More than a year after then-state Education Secretary Ron Tomalis vowed to file "well over 100" disciplinary complaints against educators over alleged cheating on state tests, the state has disciplined only five.
The state Professional Standards and Practices Commission has taken action against four in Philadelphia and one in Erie, ranging from a public reprimand to a surrender of some certificates.
It is uncertain whether more cases are pending, but no action has been taken since May in a case involving the administration of the Pennsylvania System of School Assessment tests.
All five decisions were made between March and May of this year. Mr. Tomalis hasn't been education secretary since the end of May when he became an adviser to the governor on higher education.
State education officials never comment on complaints that are under review or acknowledge whether complaints are under review.
State Education Department spokesman Tim Eller said, "The department understands the frustration about the lack of transparency in the process of educator discipline matters involving PSSA infractions.
That lack of transparency, however, is due to statutorily required confidentiality in the process."
A report analyzing irregularities arrived at the state Department of Education in July 2009, but officials said it basically sat on a shelf. It came to light in 2011 when an online publication ran an article about it, triggering Mr. Tomalis to order a closer look that, at one point, put 38 school districts and 10 charter schools across the state under investigation.
The investigation focused on atypical erasure patterns in which unusual numbers of answers were changed from wrong to right on state tests in 2009, 2010 and 2011.
Most were initially cleared, but by fall last year, Mr. Tomalis was estimating "well over 100" disciplinary actions would be sought.
In Pittsburgh Public Schools, which was among the 38 school districts under state investigation, spokeswoman Ebony Pugh said the district "complied with all of the requests of [the state Department of Education] and conducted a complete investigation, which culminated with the issuance of two [internal] disciplinary actions."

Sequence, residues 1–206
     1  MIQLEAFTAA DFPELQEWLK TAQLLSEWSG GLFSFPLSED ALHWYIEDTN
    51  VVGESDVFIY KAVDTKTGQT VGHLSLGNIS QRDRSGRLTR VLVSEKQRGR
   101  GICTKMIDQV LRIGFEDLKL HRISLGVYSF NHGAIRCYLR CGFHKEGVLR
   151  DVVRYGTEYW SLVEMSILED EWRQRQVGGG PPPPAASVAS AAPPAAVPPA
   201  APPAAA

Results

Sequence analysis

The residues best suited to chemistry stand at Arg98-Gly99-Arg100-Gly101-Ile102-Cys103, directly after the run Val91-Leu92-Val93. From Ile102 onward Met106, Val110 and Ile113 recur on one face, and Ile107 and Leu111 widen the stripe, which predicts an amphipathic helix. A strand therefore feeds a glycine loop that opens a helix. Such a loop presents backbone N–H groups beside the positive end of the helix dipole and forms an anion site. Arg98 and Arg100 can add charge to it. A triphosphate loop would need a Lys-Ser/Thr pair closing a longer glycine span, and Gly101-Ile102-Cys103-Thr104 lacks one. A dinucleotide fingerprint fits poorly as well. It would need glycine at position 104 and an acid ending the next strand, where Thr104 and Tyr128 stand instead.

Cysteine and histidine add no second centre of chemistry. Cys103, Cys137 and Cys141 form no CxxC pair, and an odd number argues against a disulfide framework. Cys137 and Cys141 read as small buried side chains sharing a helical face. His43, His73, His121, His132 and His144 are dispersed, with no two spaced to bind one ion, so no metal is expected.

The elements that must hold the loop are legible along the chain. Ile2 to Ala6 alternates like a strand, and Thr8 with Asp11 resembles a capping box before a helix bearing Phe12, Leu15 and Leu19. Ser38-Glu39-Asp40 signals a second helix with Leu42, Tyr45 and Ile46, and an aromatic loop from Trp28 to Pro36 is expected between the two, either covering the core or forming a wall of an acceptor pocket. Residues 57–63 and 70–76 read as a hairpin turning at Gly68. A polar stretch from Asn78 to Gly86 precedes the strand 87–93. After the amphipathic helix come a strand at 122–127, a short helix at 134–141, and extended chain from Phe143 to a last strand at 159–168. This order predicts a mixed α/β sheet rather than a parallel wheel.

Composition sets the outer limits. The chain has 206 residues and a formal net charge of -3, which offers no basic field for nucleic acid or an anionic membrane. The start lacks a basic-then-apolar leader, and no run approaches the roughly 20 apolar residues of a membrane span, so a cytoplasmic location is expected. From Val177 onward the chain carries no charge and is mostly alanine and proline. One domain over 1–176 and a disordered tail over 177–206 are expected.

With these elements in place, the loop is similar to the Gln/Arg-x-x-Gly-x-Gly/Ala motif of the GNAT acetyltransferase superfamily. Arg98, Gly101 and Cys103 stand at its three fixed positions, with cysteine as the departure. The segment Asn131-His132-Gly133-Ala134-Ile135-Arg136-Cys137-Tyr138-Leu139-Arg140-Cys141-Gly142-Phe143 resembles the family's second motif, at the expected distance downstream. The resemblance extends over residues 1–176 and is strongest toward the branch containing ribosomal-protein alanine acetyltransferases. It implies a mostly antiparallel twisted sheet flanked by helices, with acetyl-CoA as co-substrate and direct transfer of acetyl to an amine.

In November, the district received a letter from the state saying the state "accepted" the district's report and actions.
Asked whether any cases are pending cases against teachers with the state, Nina Esposito-Visgitis, president of the Pittsburgh Federation of Teachers, said, "There are no actions in Pittsburgh."
She said, "Our teachers are very well-versed in the rules of testing, and they're extremely well-monitored also."
Mr. Tomalis considered the cheating to be widespread enough to affect statewide test results.
The news release on the 2011-12 results of the PSSA tests state that scores had declined "as a result of the statewide investigation of adults making changes to students' answer sheets on the Pennsylvania System of School Assessments, combined with increased testing security measures put into place earlier this year."
Pittsburgh Public Schools Superintendent Linda Lane said, "I think that was unfair. There was no evidence to prove that."
Of the five educators to receive state disciplinary action, two were principals in the School District of Philadelphia.
Both resigned this year and surrendered their administrative certificates in lieu of discipline but kept their teaching certificates.
In the case of Philadelphia principal Barbara McCreery, the grounds for discipline were listed as "erasing and changing student answers, creating an answer key and manipulating student data."
In the case of Philadelphia principal Lola Marie O'Rourke, the grounds stated were "directing others to review secure test documents, giving answers to students and storing test materials in an unsecure location."
A third case also involved an administrator, Thomas R. Conway, who was an assistant principal at Philadelphia Electrical and Technology Charter High School but resigned in January. The grounds stated were "failing to follow proper procedures related to the handling and storage of secure documents, and by reviewing the assessment for purposes of creating an answer key."
His letter of eligibility, administrative and supervisory, was suspended for three years, beginning April 29.
His teaching certificate was suspended for about six months, from Dec. 14, 2012, to June 30.
The other two cases involved teachers.
In the Erie City School District, teacher Susan Turk, who resigned in 2011, received a public reprimand for "reviewing math problems from the PSSA with her students prior to them taking the test the next day."
In the School District of Philadelphia, the certificate of teacher Ronald Paulus was suspended from June 25 to Aug. 25 because of "allegations that educator failed to follow proper PSSA test administration procedures."
He continues to teach in the district.
The posting on the state Department of Education website indicated what the allegations were but did not specify any findings except to note the certificate actions.
Education writer Eleanor Chute: email@example.com or 412-263-1955. First Published October 14, 2013 8:00 PM